Parameters in Equities, Oil
Parameters in Equities, Oil
Last week's oil price break above $75 was an essential catalyst in accelerating the pace of USD selling beyond $1.50 in EURUSD, 0.93 in AUDUSD, and 1.03 in USDCAD. Technically, the next oil barrier emerges at $82.00 (100-week MA), a break of which would extend the rally towards $89.90. Coincidently, US equity indices also face their next resistance at the 100-week MA (1,100 for S&P and 10,209 for the Dow). But a more important landmark for the S&P500 stands at 1,121, which marks the 50% retracement of the decline from the October 2007 high to the March 2009 low.
Recall how oil prices repetitively failed to break its 200-week MA of $75.70s in August and September until recurring dollar weakness (hawkish central bank outside US) empowered oil traders to breach the key level. The simultaneous technical resistance in both of these high profile instruments (US crude and S&P500) may well dissuade the accumulation of fresh risk appetite. And Wednesdays downgrade of Wells Fargo may have been instrumental in stepping up trading volumes in a down day. But the only viable means for dollar bulls to see hope again is the implementation of the exit strategy. Short of such implementation, earnings disappointments and/or negative guidance, FX traders will see little resistance to selling the dollar.
Fed Ought to Stop Talking About the Dollar
Federal Reserve officials should either get the same vigorous training when making statements about the US dollar or completely refrain from taking about it, and allowing the US Treasury exclusive authority to comment on the currency.
For the second time this week, a member of the FOMC causes more selling in the dollar after choosing to shed light on the US currency to the public. 30 minutes ago, Boston Feds Eric Rosengren (not a voting member in this years FOMC) said the decline of the dollar reflected investors improved confidence with the economy and their resulting appetite for risk. While such remarks are no more than a stating of the obvious as far the current FX market dynamics, they constitute an overt green light to sell the currency, especially when uttered by policymakers of the interest-rate setting body of the US.
On Monday, Chairman Bernanke may have intended to support the dollar when he raised the importance of timely exit strategy, but the way he went about it had the opposite effect. Bernanke said adopting a fiscal exit strategy "is critically important in order to maintain confidence in our economy and confidence in our currency". So far, the Fed has made it clear it would not be exiting its monetary policy strategy any time soon (aside from talk about reverse repos). Bernanke's speech placed the onus on the Treasury as far as fiscal policy is concerned.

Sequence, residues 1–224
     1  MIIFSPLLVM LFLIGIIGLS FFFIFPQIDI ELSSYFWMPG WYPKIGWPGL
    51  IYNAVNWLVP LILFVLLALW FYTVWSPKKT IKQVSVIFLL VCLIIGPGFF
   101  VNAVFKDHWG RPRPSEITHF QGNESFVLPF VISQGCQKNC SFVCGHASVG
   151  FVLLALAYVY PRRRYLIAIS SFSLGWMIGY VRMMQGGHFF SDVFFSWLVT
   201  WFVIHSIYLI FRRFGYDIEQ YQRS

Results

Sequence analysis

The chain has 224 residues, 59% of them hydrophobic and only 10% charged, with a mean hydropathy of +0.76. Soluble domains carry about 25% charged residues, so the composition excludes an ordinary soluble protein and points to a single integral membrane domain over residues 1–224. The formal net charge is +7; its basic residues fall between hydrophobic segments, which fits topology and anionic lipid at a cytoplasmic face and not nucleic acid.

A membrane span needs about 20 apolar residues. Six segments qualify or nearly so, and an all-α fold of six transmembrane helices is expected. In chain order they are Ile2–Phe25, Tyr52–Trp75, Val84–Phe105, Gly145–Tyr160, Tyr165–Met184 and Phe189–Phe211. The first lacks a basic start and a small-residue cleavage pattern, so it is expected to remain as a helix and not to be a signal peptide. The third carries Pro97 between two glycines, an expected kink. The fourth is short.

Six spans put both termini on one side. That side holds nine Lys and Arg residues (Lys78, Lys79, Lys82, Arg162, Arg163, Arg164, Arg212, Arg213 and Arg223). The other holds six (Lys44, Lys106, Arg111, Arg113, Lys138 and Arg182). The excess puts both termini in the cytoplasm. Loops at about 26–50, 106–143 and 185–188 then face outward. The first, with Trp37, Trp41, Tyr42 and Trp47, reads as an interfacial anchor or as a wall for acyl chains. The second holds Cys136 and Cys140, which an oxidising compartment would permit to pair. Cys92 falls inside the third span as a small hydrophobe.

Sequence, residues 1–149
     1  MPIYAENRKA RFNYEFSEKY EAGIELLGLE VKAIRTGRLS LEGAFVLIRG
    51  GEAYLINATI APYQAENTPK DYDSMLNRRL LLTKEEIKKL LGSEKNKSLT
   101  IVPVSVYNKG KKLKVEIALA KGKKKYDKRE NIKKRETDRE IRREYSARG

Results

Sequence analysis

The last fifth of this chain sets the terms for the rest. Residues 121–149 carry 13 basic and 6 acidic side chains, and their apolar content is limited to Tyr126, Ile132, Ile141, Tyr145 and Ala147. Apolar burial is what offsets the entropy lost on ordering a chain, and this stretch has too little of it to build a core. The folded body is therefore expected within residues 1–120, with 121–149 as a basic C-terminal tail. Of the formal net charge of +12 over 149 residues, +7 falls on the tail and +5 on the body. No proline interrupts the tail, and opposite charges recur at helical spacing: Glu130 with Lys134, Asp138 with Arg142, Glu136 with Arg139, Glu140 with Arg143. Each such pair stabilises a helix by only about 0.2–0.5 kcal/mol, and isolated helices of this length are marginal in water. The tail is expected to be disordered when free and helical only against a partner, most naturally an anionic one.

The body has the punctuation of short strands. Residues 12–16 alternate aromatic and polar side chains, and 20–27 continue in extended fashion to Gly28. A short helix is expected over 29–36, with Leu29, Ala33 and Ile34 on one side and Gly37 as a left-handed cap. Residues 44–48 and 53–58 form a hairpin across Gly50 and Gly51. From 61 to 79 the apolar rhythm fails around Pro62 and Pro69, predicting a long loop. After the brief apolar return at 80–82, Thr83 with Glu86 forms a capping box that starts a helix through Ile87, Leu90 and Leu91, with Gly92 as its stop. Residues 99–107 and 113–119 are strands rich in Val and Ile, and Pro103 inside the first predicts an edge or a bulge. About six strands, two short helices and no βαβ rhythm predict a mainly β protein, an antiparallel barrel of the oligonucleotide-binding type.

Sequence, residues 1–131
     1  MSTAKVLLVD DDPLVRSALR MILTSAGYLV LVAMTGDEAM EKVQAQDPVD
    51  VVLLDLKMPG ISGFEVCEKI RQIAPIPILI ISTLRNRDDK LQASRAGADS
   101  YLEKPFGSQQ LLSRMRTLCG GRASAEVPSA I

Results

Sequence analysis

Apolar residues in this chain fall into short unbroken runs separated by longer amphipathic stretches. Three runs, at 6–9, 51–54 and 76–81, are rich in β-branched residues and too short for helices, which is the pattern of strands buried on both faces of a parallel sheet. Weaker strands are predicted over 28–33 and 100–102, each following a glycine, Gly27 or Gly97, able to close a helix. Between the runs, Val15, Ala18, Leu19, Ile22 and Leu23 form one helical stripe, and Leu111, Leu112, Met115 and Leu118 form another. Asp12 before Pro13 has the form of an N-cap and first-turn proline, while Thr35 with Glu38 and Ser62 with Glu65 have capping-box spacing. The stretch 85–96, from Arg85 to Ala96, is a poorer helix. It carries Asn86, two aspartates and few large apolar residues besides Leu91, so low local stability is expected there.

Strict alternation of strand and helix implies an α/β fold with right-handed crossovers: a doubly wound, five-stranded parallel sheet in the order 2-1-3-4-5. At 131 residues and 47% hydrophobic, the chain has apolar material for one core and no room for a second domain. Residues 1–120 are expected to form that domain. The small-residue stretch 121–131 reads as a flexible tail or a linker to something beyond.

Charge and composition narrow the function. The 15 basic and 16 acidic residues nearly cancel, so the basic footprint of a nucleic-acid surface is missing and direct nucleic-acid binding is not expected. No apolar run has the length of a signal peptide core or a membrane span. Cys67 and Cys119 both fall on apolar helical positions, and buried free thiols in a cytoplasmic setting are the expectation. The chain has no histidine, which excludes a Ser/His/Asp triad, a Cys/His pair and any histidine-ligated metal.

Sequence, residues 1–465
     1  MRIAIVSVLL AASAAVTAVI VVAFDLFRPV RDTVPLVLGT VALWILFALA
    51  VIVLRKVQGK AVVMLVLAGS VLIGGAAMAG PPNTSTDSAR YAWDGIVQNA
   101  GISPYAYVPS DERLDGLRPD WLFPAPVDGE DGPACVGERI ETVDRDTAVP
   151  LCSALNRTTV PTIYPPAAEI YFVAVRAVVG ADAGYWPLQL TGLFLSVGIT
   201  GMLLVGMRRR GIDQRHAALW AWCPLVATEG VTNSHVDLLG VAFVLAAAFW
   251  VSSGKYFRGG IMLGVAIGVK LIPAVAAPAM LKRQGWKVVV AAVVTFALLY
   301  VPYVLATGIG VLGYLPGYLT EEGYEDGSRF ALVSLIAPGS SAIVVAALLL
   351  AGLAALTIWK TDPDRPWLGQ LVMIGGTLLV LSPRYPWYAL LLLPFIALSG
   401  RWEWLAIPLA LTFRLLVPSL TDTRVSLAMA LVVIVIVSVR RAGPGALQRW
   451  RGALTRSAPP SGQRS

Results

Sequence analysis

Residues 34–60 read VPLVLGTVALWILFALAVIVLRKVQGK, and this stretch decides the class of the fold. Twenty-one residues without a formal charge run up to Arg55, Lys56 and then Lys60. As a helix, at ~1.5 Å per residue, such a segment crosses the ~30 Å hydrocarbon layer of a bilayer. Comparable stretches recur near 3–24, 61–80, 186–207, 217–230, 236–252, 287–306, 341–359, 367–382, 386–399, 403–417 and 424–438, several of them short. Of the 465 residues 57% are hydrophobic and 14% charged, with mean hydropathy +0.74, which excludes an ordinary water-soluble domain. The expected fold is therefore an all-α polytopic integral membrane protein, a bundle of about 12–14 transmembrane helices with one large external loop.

And since fiscal tightening by the US Treasury is not expected any time soon, traders easily conclude that the lack of any exit strategy (fiscal or monetary) will empower them to retest last year's all time lows in the greenback.
There is an exiting figure forming in Dow fture price pattern.SP fut can hit upto 1076 range but stop out if 1099 take out.
MY ANSWER TO THE RELATION BETWEEN RBA HIKE AND DOW UP IS THAT TECHNICALY THERE IS A PROBABLE ZERO LINE REVERSAL ON US30 3 MONTHS CHART;
One, CIT's not THAT big enough to have an impact. Second, it is a clinical bankruptcy, i.e., we knew for months this was coming...we were prepared for this...and we know what to do w/ it now )unlike Lehman when it collapsed overnight,,,with no solution in sight)...
The bankruptcy of CIT group seems didnot negatively effect the Stocks in US
What can be the reason of that ?
Thanks for your clarification. Interesting what you say about the spike in the USD index chart. One of the brokers I use showed it. Another didn't. The one who did seemed to correct it later, although it still showed a healthy jump. Fortunately, it didn't affect me either way, that is to say, the erroneous spike.
As it happened I _did_ buy EUR/USD at the wrong time (I thought it had dropped as far as it was going to. However, it came back in my direction eventually, as I expected it to (eventually :-) ). [Don't trade like this at home kids .... :-) ]
I agree it's as well to be prepared for what might happen. Everyone (not here necessarily, but in the wider world) seems to have written off the dollar, but there seem to be several scenarios in which it could stage recoveries or mini-recoveries, each one of which is a potential pip-generating opportunity (or pip-losing threat, of course).
P.S. Xaron: Are you the same (BWILC) guy who posts on FF under that name? Interesting posts/blog.